Former TV journalist vies for congressional seat
Party affiliation: Democrat
Family: Wife, Sharry, and two adult children.
Educational background: Bachelor of Arts in journalism from the University of Wisconsin-Eau Claire.
Professional background: Worked at several radio stations, including WAXX-FM and WAYY-FM. Joined the news department of WEAU-TV in the mid-1990s, working as a reporter and anchor.
Previous elected office: Served Wisconsin's 23rd District as a Wisconsin state senator from 2007-2011.
As an Eau Claire television reporter, Pat Kreitlow covered stories about government and the impact that laws have on everyday people. What he discovered was not always good news.
In 2005, Kreitlow decided to step out from in front of the camera and join the ranks of local politicians.
The journalist quit his job and ran for the Wisconsin State Senate in District 23 and eventually served in the legislature from 2007 to 2011.
"After years of holding public officials accountable, I wanted to try and serve the public," he said. "I went from doing stories all over Wisconsin ... to talking to people, writing laws and trying to solve problems."
During his tenure in Madison, Kreitlow said he focused on such issues as rural economic development, education, health care access and campaign finance reform. He said he worked hard to cooperate with senators on both sides of the political aisle, securing bi-partisan backing for any bills he worked on.
"You need to have an open door and an open mind to be a successful politician," Kreitlow commented.
After losing a re-election bid, the Chippewa Falls resident has been out of politics. But when the opportunity to challenge 7th District incumbent U.S. Rep. Sean Duffy came along, he couldn't pass it up.
Kreitlow said Duffy has failed to deliver on campaign promises of 2010 and is out of step with the majority of voters in his district.
"He promised to be an independent voice for western Wisconsin," he said. "But he is not the right fit to represent us in Washington."
Kreitlow charged that Duffy has voted in lock-step with congressional Republicans, such as Paul Ryan, and those politicians have proposed dramatic changes that will negatively impact the middle class, Medicare recipients and people needing better access to health care.
Kreitlow also criticized Duffy and other Republicans for their lack of action on the Farm Bill, which directly impacts producers and communities statewide.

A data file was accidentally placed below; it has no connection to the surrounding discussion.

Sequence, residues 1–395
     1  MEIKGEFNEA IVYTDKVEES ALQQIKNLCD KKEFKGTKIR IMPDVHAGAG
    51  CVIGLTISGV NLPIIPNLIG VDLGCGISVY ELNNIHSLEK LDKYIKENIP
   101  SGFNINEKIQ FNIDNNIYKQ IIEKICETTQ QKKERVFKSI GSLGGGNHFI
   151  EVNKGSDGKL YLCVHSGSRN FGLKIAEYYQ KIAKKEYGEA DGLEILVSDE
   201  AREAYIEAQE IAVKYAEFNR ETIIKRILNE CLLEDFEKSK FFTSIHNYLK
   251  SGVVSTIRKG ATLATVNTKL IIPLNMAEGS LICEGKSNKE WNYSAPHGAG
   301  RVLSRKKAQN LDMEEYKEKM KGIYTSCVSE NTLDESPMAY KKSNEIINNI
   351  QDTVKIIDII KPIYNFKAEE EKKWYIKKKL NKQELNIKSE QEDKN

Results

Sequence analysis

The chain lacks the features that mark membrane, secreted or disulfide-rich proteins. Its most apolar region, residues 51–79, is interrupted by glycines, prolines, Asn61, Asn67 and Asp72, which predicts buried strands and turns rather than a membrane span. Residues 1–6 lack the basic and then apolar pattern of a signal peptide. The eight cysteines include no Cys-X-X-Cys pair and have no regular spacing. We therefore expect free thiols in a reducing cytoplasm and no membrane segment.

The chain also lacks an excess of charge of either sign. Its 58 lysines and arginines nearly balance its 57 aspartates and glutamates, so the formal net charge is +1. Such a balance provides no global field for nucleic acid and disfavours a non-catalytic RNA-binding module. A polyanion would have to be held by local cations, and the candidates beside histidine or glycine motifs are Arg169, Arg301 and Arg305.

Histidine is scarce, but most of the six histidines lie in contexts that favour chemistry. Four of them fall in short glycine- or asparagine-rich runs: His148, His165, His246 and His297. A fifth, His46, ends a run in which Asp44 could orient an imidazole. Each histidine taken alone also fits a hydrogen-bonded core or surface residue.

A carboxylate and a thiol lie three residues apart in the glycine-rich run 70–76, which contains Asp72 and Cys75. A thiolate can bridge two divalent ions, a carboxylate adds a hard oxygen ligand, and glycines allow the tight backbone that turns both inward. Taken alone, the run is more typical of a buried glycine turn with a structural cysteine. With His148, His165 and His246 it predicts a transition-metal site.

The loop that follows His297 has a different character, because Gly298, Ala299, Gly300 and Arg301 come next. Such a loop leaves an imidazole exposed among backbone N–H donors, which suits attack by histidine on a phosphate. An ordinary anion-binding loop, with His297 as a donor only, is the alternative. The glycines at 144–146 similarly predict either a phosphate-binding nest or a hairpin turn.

"We deserve better representation in the House of Representatives," Kreitlow said.
If Duffy is re-elected, Kreitlow warned, voters will see more of the same. He said he's frightened about the prospect of Mitt Romney and Paul Ryan being elected as president and vice president. Ryan's previous budget proposals include dramatic changes to Medicare, government services, education and more, he said.
"It's the wrong path for Wisconsin's middle class," he said. "It not only makes our national deficit worse and not better, it will also lead to higher taxes and fewer services for the middle class."
On top of that, Kreitlow said, the Republican plan calls for tax breaks for "the privileged few" at the expense of the middle class.
If he's elected, Kreitlow said he vows to push for tax relief for the middle class and focus on job creation in the U.S. Kreitlow said his goal is not to just create jobs, but to create higher-paying jobs that can support a family.
Also at the top of the next Congress' priority list should be an effort to reduce the federal deficit, Kreitlow said.
"Adding jobs and attacking wasteful spending have to go hand in hand if we're going to reduce this troubling deficit," he said. "And we need to balance the budget the right way. We need to go after wasteful and redundant spending, not slash Medicare or give tax cuts to millionaires."
Kreitlow said the country "can't afford" another four years of "trickle-down economics," claiming Duffy and other Republicans continue to push for breaks for rich people who don't need the help.
To accomplish these goals, Kreitlow said he'd work with both Democrats and Republicans in Congress. While he's been on the campaign trail this fall, Kreitlow said voters are tired of the political bickering taking place in Washington, D.C., and across the nation.
"They are just sick of the toxic environment and partisanship that spreads throughout Washington," he said. "They're telling us that this Congress is addicted to games and gridlock. Voters want a Congress that works as hard as they do. We need to work together to start getting a few things done."
As the campaign heads into its final weeks, Kreitlow said he feels confident about his chances on Nov. 6. He said polls show a tight race.
"It's anybody's race at this point," he said.
Kreitlow said he was disappointed that his opponent has not agreed to participate in any televised debates that could be broadcast across the entire district.
"It's unusual," he said, "for someone so comfortable in front of a camera."